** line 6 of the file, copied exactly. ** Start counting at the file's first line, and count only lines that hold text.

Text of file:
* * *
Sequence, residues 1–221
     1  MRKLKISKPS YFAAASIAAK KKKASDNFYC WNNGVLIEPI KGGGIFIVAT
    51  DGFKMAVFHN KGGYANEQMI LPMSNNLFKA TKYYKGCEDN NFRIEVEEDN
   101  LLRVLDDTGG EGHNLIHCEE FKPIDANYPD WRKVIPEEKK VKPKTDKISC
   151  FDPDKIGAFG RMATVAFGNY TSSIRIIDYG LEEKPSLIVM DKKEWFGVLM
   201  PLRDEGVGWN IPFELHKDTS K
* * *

   201  PLRDEGVGWN IPFELHKDTS K